Property from a private collector, Sydney
Emily Kame Kngwarreye
SUMMER FLOWERS II, 1992
Synthetic polymer paint on Belgian linen
Bears artist's signature and Delmore catalogue number 92L43 on reverse
82 5/8 in by 47 1/4 in (210 cm by 120 cm)
Towards the end of 1992, Kngwarreye eschewed her mainstay early technique of creating paintings with layers of applied dotting and her style broke free. Summer Flowers II is one of the larger, successful and most aesthetically beautiful of these break-away paintings.
Janet Holt of Delmore Gallery, who commissioned this painting, comments in the accompanying documentation that “Summer Flowers II was painted in December of 1992, a summer in which dry wildflowers and grasses were abundant across Alalgura (Alhalkere). Colors of the red soil and organic matter intermingle with subtle blues which hint to the water underlying the land, even in the driest of times. This work is a wonderful and early example of the increasing abstraction Kngwarreye's works developed throughout this period. Here, she begins to use a broader brush and a wash of color, in comparison to the finer dots utilised earlier in the same year.”
Large scale paintings from this period and style are rare, with the National Gallery of Australia holding no work from the year 1992 in its collection of 22 paintings by the artist and the National Gallery of Victoria holding just one small painting from this year amongst its 21 examples. Two large, related examples are illustrated in the first monograph on Kngwarreye and another was recently acquired from the collection of Thomas Vroom by the Foundation Opale in Switzerland.
Judith Ryan, Senior Curator of Indigenous Art at the National Gallery of Victoria, has called Kngwarreye “both an enigma and an extraordinary phenomenon. She was the first Aboriginal artist to take hold of the Australian contemporary art scene, thereby exploding the myth that Aboriginal Art is largely the preserve of men. Such was her status that her art transcended categories of gender and race” (Margot Neale et al., p.39). Her first retrospective was mounted by the Queensland Art Gallery in 1998, with another to follow in 2007 and 2008, curated by the National Museums of Art, Osaka and The National Art Centre, Tokyo, in conjunction with the National Museum of Australia. Her star has continued to shine posthumously, with a group of her paintings acquired last year by the Tate Modern, another retrospective in the planning and Kngwarreye’s inclusion in Artsy’s most recent annual list of the Most Influential Artists of 2019.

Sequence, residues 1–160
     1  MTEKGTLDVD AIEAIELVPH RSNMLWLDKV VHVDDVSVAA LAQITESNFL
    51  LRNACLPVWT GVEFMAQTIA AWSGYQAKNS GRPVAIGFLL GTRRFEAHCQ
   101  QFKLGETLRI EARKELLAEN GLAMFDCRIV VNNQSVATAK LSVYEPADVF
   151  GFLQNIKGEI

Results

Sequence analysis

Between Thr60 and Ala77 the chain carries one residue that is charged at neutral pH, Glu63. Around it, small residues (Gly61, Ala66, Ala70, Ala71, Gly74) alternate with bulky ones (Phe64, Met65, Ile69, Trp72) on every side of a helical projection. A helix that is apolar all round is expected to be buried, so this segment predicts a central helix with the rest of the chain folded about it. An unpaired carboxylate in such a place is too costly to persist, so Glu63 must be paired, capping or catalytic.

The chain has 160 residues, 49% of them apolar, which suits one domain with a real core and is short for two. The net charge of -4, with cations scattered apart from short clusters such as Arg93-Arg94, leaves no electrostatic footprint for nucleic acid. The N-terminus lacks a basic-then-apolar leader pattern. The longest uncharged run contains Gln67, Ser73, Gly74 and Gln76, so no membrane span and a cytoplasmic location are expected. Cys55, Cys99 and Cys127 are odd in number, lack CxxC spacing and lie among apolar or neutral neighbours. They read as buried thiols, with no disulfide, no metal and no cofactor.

Cf. Jennifer Isaacs et al, Emily Kngwarreye Paintings, Craftsman House, Sydney, 1998, pp. 94, 97, for two other large examples from this period.
Magot Neale (ed.) Utopia: The Genius of Emily Kngwarreye, National Museum of Australia Press, Canberra, 1998, pp. 116-133 for stylistically related paintings.
This painting is sold with documentation provided by the Delmore Gallery, signed by Janet Holt